Salamanca was a friendly city but not quite what we expected. Unfortunately, the cathedrals were not open to tourists when we arrived. The renaissance architecture was beautiful, but modern ugliness was apparent everywhere: there seemed to very few places, unlike Segovia or Toledo, where you could get completely lost in another time.
Nevertheless, we enjoyed our short stay. We visited the city’s contemporary art gallery and examined a poignant exhibition at a small museum devoted to the Civil War. The Plaza Mayor has beautiful proportions and classical buildings that make it, to my mind, one of the most visually pleasing public spaces in Europe.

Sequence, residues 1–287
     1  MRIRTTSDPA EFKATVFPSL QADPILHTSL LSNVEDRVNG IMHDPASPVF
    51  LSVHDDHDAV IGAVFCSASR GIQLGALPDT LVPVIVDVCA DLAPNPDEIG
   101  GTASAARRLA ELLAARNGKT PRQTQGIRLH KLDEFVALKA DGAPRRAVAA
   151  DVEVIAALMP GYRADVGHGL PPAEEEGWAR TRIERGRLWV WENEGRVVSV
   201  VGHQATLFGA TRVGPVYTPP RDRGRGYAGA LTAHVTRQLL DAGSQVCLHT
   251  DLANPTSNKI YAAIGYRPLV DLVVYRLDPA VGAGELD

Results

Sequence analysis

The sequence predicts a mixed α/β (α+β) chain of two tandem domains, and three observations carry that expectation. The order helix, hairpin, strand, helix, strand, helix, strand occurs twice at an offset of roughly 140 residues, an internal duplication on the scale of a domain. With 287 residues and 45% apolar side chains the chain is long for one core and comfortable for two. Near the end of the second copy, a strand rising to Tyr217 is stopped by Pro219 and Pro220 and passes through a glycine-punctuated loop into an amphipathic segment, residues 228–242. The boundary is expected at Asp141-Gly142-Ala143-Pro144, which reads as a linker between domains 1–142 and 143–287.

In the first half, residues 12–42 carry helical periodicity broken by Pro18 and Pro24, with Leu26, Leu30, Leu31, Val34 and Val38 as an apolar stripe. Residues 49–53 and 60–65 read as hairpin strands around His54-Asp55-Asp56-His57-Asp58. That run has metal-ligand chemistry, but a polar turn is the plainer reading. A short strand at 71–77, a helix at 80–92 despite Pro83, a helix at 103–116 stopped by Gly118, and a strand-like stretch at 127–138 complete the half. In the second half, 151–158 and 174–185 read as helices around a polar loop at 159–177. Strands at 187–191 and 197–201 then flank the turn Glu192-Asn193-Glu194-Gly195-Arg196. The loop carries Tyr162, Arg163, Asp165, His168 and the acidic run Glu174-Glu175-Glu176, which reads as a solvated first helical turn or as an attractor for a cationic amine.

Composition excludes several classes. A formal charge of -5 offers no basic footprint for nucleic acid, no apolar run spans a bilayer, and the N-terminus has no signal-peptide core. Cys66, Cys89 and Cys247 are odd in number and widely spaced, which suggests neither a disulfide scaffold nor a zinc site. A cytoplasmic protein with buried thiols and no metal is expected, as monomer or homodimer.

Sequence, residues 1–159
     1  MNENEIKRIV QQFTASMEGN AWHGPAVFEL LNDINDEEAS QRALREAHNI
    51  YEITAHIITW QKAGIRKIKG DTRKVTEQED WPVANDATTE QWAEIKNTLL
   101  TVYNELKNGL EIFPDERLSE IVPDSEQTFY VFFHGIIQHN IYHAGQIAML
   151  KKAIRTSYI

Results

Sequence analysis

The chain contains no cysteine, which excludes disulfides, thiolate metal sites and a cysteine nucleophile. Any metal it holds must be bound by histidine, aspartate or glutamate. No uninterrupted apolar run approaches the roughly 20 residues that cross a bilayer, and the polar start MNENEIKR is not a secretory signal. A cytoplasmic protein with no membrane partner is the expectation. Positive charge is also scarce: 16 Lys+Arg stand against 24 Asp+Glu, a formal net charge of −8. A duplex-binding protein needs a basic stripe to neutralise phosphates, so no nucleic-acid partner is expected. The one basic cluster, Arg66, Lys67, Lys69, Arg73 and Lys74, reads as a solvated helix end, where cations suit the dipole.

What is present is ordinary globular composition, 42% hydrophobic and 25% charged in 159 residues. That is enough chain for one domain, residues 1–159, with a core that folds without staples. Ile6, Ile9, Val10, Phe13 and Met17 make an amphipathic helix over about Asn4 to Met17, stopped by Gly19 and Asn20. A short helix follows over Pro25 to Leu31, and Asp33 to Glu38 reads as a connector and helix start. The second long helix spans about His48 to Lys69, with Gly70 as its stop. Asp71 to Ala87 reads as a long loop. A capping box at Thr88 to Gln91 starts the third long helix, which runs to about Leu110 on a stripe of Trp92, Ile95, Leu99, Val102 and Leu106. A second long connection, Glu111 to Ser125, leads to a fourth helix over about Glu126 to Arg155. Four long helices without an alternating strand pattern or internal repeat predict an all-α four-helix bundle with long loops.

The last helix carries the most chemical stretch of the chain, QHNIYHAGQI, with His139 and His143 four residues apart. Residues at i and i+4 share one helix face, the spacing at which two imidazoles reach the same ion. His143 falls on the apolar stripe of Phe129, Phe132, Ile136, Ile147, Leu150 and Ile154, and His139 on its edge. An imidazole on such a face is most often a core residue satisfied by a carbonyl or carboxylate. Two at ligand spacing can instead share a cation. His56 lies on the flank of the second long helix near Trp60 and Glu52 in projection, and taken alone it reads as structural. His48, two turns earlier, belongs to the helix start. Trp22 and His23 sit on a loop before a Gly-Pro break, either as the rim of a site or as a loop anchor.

We saw more signs of recession in Salamanca than anywhere else we visited, mostly in the form of protest posters and graffiti.
Our hotel was again excellent. Too tired to search for a restaurant, we found an excellent pizzeria right next door where I joked about soccer with our waiter, who plied me with free drinks. After dinner, we decided to take a walk to see the Plaza Mayor after dark. Damned if we didn’t get lost again in the confusing maze of streets.
My main disappointment with Salamanca is that we didn’t stop in Avila on the way. At about the half-way point of our bus trip from Segovia, I didn’t see anything to particularly recommend Avila when we arrived. But as we were leaving, we caught a spectacular view of a medieval hilltop town with its entire wall intact. When we return to Spain, I’ll want to make a return visit.